Encyclopedia of Teacher Education

Living Edition
| Editors: Michael A. Peters

Learning the Teacher Educator Profession

  • Cui PingEmail author
  • Gonny Schellings
  • Douwe Beijaard
Living reference work entry
DOI: https://doi.org/10.1007/978-981-13-1179-6_57-1

Introduction

The pivotal role of teacher educators in preparing teachers is increasingly acknowledged by the educational field. The underlying reason is rather obvious: the preparation of qualified and competent teachers is the responsibility of teacher education institutes where teacher educators are the key players. Against this background it is surprising, from both a policy and research perspective, that the role of teacher educators has been neglected for a long time. As a response to this situation, teacher educators and their work have become an increasing field of research interest. One aspect of this research interest pertains to teacher educators’ professional learning during their work. The opportunities for them to learn their work while working as teacher educators are very important, because there is hardly any initial preparation program and only limited support for growing into the profession, for example, through an induction program (European Commission 2013). The increased awareness of the centrality of teacher educators in the whole education system has underlined their need to be engaged in professional learning.

Before being able to promote teacher educator professional learning, it is first necessary to understand their learning at the workplace. This entry therefore gives an overview of what is known about what and how teacher educators learn about their profession while working. The entry concludes with some implications for their professional learning as well as some suggestions for research on this topic. Before delving into the overview, a brief description of who teacher educators are and how they enter the profession is given first.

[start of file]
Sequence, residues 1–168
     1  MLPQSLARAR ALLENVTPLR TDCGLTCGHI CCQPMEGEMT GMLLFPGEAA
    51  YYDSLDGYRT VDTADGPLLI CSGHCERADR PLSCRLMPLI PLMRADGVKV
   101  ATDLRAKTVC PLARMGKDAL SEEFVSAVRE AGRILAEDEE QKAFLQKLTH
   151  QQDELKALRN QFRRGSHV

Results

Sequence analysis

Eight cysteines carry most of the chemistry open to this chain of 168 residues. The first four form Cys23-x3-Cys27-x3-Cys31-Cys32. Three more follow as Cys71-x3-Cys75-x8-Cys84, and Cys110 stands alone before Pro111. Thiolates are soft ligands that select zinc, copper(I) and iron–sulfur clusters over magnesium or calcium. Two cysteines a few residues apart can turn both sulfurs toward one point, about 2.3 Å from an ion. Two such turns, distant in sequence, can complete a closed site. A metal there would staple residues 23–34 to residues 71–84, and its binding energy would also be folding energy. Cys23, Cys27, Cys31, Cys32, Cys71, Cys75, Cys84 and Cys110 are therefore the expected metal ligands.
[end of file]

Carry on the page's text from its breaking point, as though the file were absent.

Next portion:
Recognizing the Profession of Teacher Educator

Nowadays the work of teacher educators is increasingly seen as a profession for which specific knowledge and skills are needed. Teacher educators are broadly defined as those who are responsible for the education of preservice teachers and the continuing professional development of in-service teachers. Based on a review of the literature, Lunenberg et al. (2014) distinguished six professional roles of teacher educators: teacher of teachers, researcher, coach, gatekeeper, broker, and curriculum developer. These professional roles include both teacher educators in higher education institutes and school-based teacher educators. However, these two groups of teacher educators differ considerably from each other, particularly regarding their qualifications and work expectations from their institutes and schools. In this entry, the focus is on learning by teacher educators who work in higher education institutes (i.e., colleges and universities).

There is no agreement about qualification requirements for becoming a teacher educator. In general there are two routes of entering the teacher educator profession worldwide. The first route is often called a practitioner path, a traditional way to becoming a teacher educator: experienced school teachers who leave their schools and become a teacher educator in higher education (HE), a setting that differs considerably from the schools where they used to work and developed their expertise. Such a transition is often very demanding: they often feel uncertain in their new professional role, they have to negotiate with their new institutional and cultural context, and they feel the urgent need of learning a new pedagogy of teaching adult learners. The second route is a more academic path. Currently the number of teacher educators who follow this path is increasing. They often have a Ph.D. degree in their subject, and they enter the profession in HE just like other academics do. Many of them do not have any experiences as a school teacher. They have expertise in their subject area and are familiar with the academic institutional and cultural context, but becoming a teacher educator is also challenging for them. Although they may have some experience in working with adult learners, for example, as a teaching assistant during their Ph.D. program, it is definitely not sufficient to address the double layers in teacher educators’ teaching: teaching the subject knowledge while modelling teaching behavior for student teachers. This requires them to learn the pedagogy of teacher education in a context where research, in general, is more valued than teaching. They need to develop a new professional identity of a teacher of teachers which seems to be harder for them than for teacher educators with a teaching background in schools.